A missed opportunity to lead on pensions
The cool reception to new rules for state pensions — and the dose of outrage being directed at hypocritical lawmakers — isn't surprising.
Lawmakers have only themselves to blame — not that they're taking responsibility for the pension mess, only for at least trying to fix it.
Faced with a pension choice for the first time this year, most of Pennsylvania's newly hired state government employees chose a plan that offered at least some traditional guaranteed pension component.
In 2017, they replaced the defined benefit pension plan for tens of thousands of state workers and elected officials with three more-financially sustainable options: a 401(k)-style plan and two others combining a 401(k) with some pension benefits.
It had to be done because the state's pension debt has been growing alarmingly since 2001, when lawmakers expanded the pension formula without paying for it. Unfunded pension debt has surpassed $70 billion.
The revised pension options are mandatory only for new employees and lawmakers who started Jan. 1. Current employees and lawmakers have a choice of sticking with the defined benefit plan, or choosing one of the new plans.
The plan deadlines have arrived, along with boos from employees and a helping of citizen ire. The number of current state employees and lawmakers who opted to forgo the traditional plan and pick a new option falls somewhere between slim and none. Those keeping a death grip their current pensions include most lawmakers who voted to phase out the state's traditional pension plan.
Just 20 of the 218 lawmakers participating in the state pension plan chose a new option, according to a PennLive analysis.
So, lawmakers broke the system, then sort of fixed it going forward, without addressing the $70 billion unfunded liability. Then most of them hypocritically opted out of participating in the new plans they voted for.
They're getting the brickbats they deserve, although there's some nuance involved that must be acknowledged.
As several of them, including the reform's champion, Senate Majority Leader Jake Corman, explained — in opting to stick with the old plan, he and others are doing what makes financial sense for them as individuals (especially those with decades of service).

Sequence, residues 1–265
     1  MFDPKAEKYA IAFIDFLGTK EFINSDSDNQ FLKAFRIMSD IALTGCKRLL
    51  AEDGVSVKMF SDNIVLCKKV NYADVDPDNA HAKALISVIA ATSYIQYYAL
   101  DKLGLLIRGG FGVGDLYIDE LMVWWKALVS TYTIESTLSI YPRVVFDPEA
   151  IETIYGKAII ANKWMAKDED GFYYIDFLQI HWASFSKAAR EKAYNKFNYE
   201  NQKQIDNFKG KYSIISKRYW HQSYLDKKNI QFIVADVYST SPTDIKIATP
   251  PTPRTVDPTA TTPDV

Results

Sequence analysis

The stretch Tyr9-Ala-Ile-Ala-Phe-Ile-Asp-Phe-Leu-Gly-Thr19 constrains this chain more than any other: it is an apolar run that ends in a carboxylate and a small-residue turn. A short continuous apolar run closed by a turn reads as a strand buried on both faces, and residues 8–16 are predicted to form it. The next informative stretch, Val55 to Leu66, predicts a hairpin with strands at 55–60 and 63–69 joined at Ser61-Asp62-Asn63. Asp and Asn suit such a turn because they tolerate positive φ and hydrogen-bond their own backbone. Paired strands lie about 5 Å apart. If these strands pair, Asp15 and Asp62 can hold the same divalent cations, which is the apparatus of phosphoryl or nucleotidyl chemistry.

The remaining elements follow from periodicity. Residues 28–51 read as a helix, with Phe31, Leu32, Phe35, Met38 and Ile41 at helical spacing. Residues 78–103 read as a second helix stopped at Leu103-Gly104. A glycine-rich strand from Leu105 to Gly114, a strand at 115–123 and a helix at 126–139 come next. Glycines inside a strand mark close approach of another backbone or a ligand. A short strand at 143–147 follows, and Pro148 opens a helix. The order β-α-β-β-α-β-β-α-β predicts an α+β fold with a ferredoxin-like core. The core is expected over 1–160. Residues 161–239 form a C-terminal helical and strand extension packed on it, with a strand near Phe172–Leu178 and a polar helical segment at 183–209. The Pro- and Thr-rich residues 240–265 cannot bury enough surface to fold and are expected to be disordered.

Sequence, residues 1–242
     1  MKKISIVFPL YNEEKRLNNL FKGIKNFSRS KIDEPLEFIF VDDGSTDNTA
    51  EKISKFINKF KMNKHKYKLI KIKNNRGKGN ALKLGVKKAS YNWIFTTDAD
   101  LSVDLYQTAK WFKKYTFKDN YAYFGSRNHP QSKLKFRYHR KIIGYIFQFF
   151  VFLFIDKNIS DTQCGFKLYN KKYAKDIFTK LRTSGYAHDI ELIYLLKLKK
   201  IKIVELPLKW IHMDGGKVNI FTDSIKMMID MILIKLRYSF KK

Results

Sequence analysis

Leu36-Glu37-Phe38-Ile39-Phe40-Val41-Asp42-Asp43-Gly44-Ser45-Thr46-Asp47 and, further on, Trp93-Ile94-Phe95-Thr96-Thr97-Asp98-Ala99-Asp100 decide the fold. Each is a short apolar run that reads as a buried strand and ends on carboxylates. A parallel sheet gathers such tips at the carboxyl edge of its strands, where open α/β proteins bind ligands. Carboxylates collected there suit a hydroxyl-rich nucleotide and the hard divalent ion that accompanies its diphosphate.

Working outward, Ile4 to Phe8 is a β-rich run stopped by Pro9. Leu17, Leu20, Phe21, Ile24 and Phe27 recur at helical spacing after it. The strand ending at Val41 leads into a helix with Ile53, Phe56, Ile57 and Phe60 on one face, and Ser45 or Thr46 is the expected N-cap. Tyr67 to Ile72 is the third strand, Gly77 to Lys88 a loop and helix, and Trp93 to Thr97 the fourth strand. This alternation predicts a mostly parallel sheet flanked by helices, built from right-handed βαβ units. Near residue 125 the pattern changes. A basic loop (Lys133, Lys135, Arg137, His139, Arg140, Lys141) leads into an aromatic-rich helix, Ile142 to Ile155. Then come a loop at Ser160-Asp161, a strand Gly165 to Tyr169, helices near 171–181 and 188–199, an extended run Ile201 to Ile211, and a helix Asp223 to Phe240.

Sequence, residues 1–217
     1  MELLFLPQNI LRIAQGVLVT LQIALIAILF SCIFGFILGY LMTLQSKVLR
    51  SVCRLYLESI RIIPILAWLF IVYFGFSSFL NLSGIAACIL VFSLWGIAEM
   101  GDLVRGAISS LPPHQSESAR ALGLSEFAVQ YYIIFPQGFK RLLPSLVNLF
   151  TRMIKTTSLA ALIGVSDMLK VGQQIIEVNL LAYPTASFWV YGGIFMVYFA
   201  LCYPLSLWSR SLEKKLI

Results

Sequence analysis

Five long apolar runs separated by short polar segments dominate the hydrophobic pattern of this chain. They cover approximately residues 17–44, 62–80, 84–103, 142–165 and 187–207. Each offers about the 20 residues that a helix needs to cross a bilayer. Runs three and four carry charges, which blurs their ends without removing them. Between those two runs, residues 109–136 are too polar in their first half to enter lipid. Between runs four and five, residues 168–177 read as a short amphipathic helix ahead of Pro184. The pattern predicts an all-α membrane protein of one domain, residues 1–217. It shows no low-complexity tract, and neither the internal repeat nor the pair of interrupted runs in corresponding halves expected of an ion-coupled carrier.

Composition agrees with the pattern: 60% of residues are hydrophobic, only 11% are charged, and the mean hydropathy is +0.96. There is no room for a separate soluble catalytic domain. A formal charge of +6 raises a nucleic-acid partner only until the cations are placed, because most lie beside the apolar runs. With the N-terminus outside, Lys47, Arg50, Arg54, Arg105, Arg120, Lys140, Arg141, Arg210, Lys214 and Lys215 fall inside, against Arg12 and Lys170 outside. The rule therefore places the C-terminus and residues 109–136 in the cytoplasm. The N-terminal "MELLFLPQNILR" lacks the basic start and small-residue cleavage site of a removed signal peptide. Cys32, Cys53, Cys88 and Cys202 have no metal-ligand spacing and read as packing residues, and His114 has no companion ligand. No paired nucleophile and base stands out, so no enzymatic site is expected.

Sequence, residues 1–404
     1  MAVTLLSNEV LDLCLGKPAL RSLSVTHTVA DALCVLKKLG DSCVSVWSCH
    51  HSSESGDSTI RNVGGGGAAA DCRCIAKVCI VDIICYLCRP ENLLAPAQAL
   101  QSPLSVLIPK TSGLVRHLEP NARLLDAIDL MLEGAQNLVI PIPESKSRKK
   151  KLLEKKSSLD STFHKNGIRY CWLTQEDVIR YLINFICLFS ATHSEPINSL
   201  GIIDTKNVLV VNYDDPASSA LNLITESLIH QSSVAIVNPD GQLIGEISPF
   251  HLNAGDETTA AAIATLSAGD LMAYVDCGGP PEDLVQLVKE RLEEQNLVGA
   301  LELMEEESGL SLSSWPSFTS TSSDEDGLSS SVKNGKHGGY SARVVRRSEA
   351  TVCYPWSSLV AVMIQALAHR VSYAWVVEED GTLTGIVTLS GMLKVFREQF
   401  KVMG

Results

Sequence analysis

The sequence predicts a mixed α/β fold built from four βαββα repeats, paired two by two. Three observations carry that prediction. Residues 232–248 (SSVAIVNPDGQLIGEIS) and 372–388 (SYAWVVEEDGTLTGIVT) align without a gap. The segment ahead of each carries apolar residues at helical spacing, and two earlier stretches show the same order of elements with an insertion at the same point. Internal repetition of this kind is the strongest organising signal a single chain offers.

“Everybody made a personal decision based on where they are at," said Senate President Pro Tempore Joe Scarnati, who switched to the 401(k) plan.
Putting personal interest first is human nature and we'd probably do the same. In this case, though, it's reasonable to expect our elected officials to adopt a higher standard.
Lawmakers brought the current approbation on themselves with their historical penchant for hypocrisy and acting too often out of naked self-interest — most famously by enacting the midnight pay raise of 2005.
It used to be accepted that public service entailed a degree of sacrifice. Now election to the general assembly is accompanied with a level of entitlement that can take your breath away.
To set a new tone and maybe engender some respect, current lawmakers should have chosen one of the new pension options. Political leadership requires walking the talk, setting an example and avoiding optics that undercut it.
State Rep. Seth Grove of York County, who voted for pension reform and also switched to a new plan, identified the problem underlying so much of today's public policy. He told PennLive: “Harrisburg has a `greed' reputation. The only way to get rid of it is to show you aren't greedy."
Besides setting an example, lawmakers also could have gotten the program off to a better start had they been able to explain — credibly — to state employees that choosing the traditional pension comes with a trade-off cost that will have to be paid at some point:
Everyone will continue to see soaring real estate taxes and school programming cutbacks in order to fund the pensions. There will be a greater burden on younger taxpayers as waves of Boomers retire from their state jobs and claim their pensions. Everyone will have to bail out the system when the debt payment comes due.
It's like driving an inefficient vehicle, knowing you'll pay more for gas and your children's children will pay for the environmental damage. At some point the balance tips.
Making this kind of argument also would help lawmakers and policymakers set the stage for the future painful choices we'll face for refusing to pay up now for other things — like crumbling interstates — that we've allowed to fall apart.